Using hooks with ion_auth

The best authentication library won't save you from your own logic errors. 
Be sure to consider these common security mistakes:
Web form security - avoiding common mistakes
Like PDO? Check out how to use it with Codeigniter
Codeigniter with PDO

Ion Auth is a solid authentication "suite" (my term) for CodeIgniter, developed by Ben Edmunds with help from Phil Sturgeon & the Codeigniter Community. It is one of the most active, regularly updated authentication libraries out there, which means you can be assured of quick help and bug fixes if you stumble upon a problem.

One of the more useful tools that the library provides is hooks into all of its main functions. Hooks are something that have been around in Codeigniter for quite some time, but have never really seen wide-spread usage. The nice thing about using a hook is that it allows you to make small before or after actions whenever an event occurs without having to extend the entire class.

We're going to use a simple example to show how this works, by using the "post_set_session" to add an additional session variable when we log in. The set_session method is a fairly recent addition, so you may need to update your Ion_auth library if you are already using it.

First, lets understand a little bit about what we are doing. The Ion_auth_model supplies us with two important functions, set_hook() and trigger_events(). A "hook" is almost like an html anchor or code breakpoint - it is a place where we have an entrypoint into the function to insert our own set of code.

Look for a moment at the set_session() function we will use:

public function set_session($user)


	$session_data = array(
	    'identity'             => $user->{$this->identity_column},
	    'username'             => $user->username,
	    'email'                => $user->email,
	    'user_id'              => $user->id, //everyone likes to overwrite id so we'll use user_id
	    'old_last_login'       => $user->last_login



	return TRUE;

You can see the two hooks inside the trigger_events calls - pre_set_session & post_set_session. Those are simply names, with no special meaning other than to be clear where they are called from.

So, we have two hooks already? Well, not exactly. What we have are two places where hooks are checked for - trigger_events() will go look and see if we have set_hook() for either of those. It looks at a private array on the ion_auth_model called $this->_ion_hooks to see if it can find an element with pre_set_session or post_set_session. Since we haven't set any yet, it will simply return and continue.

Let's set a hook then so we can add our session variable. For our example we would like to add the user's twitter name to the session (don't ask me why - obviously something like their company_id would be more practical). So that we can see the code first, let's do it in a static way and see how it works. In Auth.php controller _construct(), at the end of the function, add:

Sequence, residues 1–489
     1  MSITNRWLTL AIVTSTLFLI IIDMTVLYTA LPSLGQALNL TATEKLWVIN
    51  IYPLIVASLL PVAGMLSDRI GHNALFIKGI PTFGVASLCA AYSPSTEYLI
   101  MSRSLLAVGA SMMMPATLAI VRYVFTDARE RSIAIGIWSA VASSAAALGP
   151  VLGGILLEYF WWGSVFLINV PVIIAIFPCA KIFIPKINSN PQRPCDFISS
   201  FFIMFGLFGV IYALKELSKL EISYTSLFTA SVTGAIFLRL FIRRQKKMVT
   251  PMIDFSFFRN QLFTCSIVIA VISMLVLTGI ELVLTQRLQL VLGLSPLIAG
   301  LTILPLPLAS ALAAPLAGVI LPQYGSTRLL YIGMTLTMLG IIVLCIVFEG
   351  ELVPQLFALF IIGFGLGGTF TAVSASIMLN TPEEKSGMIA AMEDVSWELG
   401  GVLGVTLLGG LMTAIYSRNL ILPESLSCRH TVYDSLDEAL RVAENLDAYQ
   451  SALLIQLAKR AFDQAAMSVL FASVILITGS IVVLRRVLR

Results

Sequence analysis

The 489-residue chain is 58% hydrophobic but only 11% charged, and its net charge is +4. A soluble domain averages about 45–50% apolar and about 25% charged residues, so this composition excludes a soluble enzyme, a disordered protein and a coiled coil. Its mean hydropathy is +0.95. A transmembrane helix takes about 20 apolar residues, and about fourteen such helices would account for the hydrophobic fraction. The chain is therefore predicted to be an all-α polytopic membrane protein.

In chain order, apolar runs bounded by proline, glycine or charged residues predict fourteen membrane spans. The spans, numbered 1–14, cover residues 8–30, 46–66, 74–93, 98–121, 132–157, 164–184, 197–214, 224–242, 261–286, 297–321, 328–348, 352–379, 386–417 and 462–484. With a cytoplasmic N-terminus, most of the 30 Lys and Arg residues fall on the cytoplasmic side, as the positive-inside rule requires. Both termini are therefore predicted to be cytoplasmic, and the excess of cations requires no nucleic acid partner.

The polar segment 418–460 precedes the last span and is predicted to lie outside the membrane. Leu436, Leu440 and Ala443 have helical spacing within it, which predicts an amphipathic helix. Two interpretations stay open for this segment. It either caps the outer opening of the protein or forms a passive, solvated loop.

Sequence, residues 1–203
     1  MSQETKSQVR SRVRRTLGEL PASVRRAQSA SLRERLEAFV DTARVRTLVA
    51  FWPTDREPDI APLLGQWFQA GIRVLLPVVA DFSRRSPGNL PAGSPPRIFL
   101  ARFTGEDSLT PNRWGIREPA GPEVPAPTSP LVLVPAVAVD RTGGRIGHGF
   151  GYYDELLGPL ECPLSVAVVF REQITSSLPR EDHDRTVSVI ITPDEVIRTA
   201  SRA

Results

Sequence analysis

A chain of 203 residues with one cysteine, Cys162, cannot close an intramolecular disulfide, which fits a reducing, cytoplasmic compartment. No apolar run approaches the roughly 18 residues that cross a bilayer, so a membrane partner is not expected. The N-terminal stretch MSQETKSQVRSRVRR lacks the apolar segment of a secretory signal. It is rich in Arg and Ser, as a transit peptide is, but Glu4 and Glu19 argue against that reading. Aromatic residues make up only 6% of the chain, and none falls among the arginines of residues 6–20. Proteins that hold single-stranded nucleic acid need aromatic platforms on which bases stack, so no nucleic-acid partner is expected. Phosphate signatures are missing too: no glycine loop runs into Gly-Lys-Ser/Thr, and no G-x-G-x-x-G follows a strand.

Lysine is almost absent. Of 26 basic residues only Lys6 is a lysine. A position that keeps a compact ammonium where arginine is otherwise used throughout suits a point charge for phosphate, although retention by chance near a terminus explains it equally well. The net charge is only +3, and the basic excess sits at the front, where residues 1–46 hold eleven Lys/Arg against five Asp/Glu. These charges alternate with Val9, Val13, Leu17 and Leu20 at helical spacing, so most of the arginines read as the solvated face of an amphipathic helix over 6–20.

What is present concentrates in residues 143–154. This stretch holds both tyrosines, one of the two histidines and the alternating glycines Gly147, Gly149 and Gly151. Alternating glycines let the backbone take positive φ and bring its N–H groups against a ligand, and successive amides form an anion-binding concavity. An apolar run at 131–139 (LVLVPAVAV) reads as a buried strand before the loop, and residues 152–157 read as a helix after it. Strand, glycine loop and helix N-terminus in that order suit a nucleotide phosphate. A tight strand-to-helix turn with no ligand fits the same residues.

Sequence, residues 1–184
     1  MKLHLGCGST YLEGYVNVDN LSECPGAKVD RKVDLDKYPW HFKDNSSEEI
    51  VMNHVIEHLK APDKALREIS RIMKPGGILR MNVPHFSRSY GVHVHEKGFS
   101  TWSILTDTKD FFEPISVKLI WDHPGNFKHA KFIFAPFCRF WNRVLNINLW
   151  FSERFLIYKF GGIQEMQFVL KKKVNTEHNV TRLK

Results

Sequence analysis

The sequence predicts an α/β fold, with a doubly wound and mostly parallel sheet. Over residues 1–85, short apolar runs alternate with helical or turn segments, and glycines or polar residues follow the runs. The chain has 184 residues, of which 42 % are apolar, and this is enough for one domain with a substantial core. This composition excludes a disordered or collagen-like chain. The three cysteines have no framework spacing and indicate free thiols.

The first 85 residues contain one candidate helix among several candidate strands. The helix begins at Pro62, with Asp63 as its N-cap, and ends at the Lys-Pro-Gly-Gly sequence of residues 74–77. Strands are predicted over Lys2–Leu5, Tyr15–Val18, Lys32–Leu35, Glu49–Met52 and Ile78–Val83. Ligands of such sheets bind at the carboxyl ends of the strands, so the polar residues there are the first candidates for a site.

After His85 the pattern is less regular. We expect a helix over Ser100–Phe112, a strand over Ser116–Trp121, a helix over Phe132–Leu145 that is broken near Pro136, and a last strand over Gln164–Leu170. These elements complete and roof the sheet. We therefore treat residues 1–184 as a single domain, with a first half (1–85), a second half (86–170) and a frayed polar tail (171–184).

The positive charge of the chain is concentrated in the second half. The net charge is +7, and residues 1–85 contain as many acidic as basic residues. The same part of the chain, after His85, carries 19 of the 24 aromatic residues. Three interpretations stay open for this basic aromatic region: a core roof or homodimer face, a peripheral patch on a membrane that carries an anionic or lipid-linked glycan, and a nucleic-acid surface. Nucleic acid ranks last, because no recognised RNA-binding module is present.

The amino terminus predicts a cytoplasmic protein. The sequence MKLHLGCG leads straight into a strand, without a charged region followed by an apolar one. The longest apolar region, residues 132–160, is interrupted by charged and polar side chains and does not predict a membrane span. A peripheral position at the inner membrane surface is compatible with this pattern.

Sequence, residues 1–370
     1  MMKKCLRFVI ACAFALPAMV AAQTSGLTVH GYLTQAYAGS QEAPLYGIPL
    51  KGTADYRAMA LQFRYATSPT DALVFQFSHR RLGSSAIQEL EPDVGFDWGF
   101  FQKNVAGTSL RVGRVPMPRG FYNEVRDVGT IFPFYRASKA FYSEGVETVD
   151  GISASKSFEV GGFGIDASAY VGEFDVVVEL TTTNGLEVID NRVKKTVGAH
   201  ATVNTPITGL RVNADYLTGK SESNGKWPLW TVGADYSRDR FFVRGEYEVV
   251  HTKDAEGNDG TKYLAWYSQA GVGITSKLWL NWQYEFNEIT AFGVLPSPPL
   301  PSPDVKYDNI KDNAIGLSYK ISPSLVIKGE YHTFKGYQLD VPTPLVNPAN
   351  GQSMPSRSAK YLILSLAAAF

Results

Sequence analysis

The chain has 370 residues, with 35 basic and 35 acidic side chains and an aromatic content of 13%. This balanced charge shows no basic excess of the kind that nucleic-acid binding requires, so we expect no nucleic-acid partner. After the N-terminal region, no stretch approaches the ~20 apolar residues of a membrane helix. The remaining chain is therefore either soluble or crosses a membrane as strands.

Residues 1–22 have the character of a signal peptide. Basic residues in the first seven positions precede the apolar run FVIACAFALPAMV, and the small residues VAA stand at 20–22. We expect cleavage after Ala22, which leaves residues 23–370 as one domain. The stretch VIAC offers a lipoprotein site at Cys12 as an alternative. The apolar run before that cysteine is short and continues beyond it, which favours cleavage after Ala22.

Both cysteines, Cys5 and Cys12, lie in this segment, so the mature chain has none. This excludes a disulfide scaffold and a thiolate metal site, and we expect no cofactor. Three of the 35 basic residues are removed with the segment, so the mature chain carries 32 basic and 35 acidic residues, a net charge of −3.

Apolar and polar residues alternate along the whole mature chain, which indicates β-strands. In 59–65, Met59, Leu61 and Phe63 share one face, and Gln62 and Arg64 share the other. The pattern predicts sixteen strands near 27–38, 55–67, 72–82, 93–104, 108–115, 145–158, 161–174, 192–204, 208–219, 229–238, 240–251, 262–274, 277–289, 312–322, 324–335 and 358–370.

function __construct()
	// ... your existing code 

	// set session post hook
	$event = 'post_set_session';
	$name = 'call_Twitter';

  	$class = $this; 
  	$method = 'twitter';

  	$args = array('codebyjeff');
	$this->ion_auth->set_hook($event, $name, $class, $method, $args);	

public function twitter( $who) 
	$this->session->set_userdata('twitter', $who);
  	return true;

The first point is, the _construct() is not really the best place to put this, since we would be calling the set_hook() everytime we called the Auth controller. We'll refactor it in a minute - this just makes it easier for us to study, outside of all the other busy code.

Our set_hook() method works like this:

  • $event -- this is the event IN THE ION_AUTH_MODEL FUNCTION we would like to call. So for us, every time the set_session() is called, it will fire off our hooked function.
  • $name -- just a label, it has no significance
  • $class & $method-- php's native call_user_func_array() is being used to actually call the function, so we need to provide the class & method we want the hook to trigger. In our case, the class is just $this since we set it up on this same controller, and the method is our twitter() function.
  • $args -- an array of values we will pass into our function, so 'codebyjeff' will get passed into twitter($who) as the value for $who

So, we've set our hook and now whenever the set_session() sets up our session - namely, whenver we log in - it will also set a session variable for "twitter". If you do a var_dump() on $session = $this->session->all_userdata(); in whatever your redirect after login view is, you'll be able to check that it is there.

Fianlly, let's refactor this into something we would really use. Make the following change in the Auth login() function:

//if the login is successful
//redirect them back to the home page

//Here you will need to get $user from your logged in user, 
//so you can access all the record fields

//We're going to fake it
$user->twitter = 'codebyjeff';
$this->ion_auth->set_hook('post_set_session', 'call_Twitter', $this, 'twitter', array($user->twitter));	

Now the hook is set only when we are logging in, which is really what we are after.

What are the advantages of this technique? It lets us simply add on to pre-written and pre-tested code when we develop rather than adding another class abstraction and potentially more bugs (after all, a great many eyes have seen the code above, but only yours have seen the new code you are writing)

Hope that helped!